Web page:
PRNEWS Asks: What is the Greatest Thanks You’ve Received in PR?

The media and communications industries buzzed about actress Da'Vine Joy Randolph's acceptance speech for best supporting actress at the Oscars on March 10. Randolph took time to thank her publicist at the microphone—something not normally heard at the event. In addition to "Barbie" actor Ryan Gosling's "I'm Just Ken" performance, the conversation swelled within the PR world on social media regarding the acknowledgment.

PR people so rarely get thanked on public stages—especially in the entertainment industry. On LinkedIn, Nicole Dye Anderson, SVP/Managing Director—Head of Corporate Communications, cards and merchant services at Wells Fargo, said not only was Randolph's speech powerful, but that "a simple thank you costs nothing, but means EVERYTHING."

Sonia Diaz, Founder and President of Zaid Communications, also commented on LinkedIn saying she believes gratitude is more about appreciation than recognition.

"I think that most PR people tend to want to be in the background, but we often feel the people we serve do not really appreciate what our work entails," Diaz wrote. "As such, very little consideration is taken for the time that it takes for us to execute things, the excessive number of personalities we often have to manage to accomplish those things, and the planning that it requires to get it right while also being prepared for any unforeseen circumstances and be able to pivot. Her acknowledgment of her publicist is understanding how ride or die an entertainment PR person has to be to make sure you are protected at all costs while being seen for your talents in the right light."

Greatest Recognition

PRNEWS posed a question for the communications community: "What's the best thanks you ever received?" From referrals to pastries, the results did not disappoint.

Working in B2B PR, there are a lot fewer opportunities for clients to be grateful in such a public way like this, but the best thank you's for me have been clients willing to recommend me to their industry friends and colleagues, or willing to serve as references. Another great thank you is when an internal comms leader makes sure to thank me in front of a CEO or other senior leader. That means a lot, as face time with these leaders is precious.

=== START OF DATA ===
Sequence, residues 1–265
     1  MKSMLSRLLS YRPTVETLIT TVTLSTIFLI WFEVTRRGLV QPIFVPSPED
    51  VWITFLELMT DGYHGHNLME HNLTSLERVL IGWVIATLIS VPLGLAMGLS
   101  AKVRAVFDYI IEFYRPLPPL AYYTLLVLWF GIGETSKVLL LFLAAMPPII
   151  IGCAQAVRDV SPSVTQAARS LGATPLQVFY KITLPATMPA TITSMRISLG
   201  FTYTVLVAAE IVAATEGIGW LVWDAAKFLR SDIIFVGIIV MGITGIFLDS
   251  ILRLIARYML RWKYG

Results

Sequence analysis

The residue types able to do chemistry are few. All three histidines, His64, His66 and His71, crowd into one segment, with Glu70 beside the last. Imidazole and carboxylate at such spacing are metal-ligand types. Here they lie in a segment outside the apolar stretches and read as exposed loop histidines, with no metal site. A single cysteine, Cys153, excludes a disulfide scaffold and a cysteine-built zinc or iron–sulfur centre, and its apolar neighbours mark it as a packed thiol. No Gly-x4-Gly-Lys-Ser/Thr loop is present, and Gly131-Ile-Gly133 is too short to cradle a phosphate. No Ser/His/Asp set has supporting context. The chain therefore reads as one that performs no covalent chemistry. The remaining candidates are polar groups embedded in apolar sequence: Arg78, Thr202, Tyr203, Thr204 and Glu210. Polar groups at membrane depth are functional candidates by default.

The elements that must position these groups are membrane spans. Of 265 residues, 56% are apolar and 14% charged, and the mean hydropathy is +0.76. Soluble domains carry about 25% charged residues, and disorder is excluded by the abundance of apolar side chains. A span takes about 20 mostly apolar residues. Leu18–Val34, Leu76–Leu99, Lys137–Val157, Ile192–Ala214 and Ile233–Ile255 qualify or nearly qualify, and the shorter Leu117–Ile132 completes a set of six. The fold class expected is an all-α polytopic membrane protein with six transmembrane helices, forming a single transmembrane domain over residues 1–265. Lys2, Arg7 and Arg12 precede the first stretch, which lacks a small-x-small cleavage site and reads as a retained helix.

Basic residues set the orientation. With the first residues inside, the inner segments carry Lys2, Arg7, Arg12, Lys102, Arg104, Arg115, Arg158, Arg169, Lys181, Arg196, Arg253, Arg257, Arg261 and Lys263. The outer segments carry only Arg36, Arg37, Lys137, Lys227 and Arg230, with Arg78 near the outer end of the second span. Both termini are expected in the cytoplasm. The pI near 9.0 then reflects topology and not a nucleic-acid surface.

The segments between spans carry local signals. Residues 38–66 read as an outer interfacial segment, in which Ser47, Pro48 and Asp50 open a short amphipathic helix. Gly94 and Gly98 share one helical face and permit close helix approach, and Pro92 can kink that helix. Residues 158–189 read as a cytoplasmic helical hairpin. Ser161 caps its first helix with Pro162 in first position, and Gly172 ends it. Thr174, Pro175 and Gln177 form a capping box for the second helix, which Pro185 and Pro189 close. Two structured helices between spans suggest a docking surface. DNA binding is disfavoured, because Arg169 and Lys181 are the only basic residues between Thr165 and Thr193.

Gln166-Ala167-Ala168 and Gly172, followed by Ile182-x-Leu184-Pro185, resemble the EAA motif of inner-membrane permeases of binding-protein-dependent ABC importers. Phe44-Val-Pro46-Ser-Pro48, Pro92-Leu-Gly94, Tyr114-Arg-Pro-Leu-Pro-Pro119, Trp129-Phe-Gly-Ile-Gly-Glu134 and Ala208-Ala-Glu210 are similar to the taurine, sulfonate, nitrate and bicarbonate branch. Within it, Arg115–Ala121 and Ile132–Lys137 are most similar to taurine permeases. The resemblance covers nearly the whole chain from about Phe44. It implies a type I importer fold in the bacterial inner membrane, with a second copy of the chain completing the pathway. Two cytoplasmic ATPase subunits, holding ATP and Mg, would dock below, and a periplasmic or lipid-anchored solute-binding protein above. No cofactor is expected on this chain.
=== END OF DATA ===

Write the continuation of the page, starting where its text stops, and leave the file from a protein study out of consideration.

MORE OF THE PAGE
I had a pretty high-profile chef who would bring ME pastries and coffee when we had an early morning shoot or segment and then send me back to the office with goodies knowing there was a whole team working on his behalf.


When I was about a year into the field, I was tasked with organizing a new format of a yearly conference by myself. It involved many late nights, early mornings, no breaks, you name it. I was happy to do it because I knew how important it was to the organization, but I also considered it as just part of my job, so I didn't think too much of it. When the event finally rolled around, I was like a duck on water - calm, cool and collected to anyone seeing me, but on the inside, I was stressed, anxious and somewhat feeling like a fraud. The event went amazingly; I was proud of myself for pulling it together. But what I always remember about that event isn't the panic or "impostor syndrome" I felt the day of; it was the most beautiful bouquet that awaited on my desk from my supervisors the next day. I was just blown away and beyond thankful. I felt seen for all the behind-the-scenes work I did. I didn't need the recognition, nor was I expecting it. But it was definitely appreciated, and it made me cry some happy tears when I saw them.

Famous boxing promoter Don King did a monologue about me after I hosted an interview session with him and a group of reporters for a video game he was associated with:

When a client tells me, they see my team and me as an extension of their team!

I worked with an educator on a classroom feature. He was published 12+ times. He went on to be nominated for teacher of the year. He leater wrote a book on his classroom model, and thanked me for helping him tell his story in his forward

And while those working in PR certainly don't do it for the accolades, Nikki Balles, Director of Corporate Communications and PR at Spencer's, summed gratitude in PR perfectly: "appreciation is the currency of success."

Nicole Schuman is senior editor for PRNEWS. Follow her @buffalogal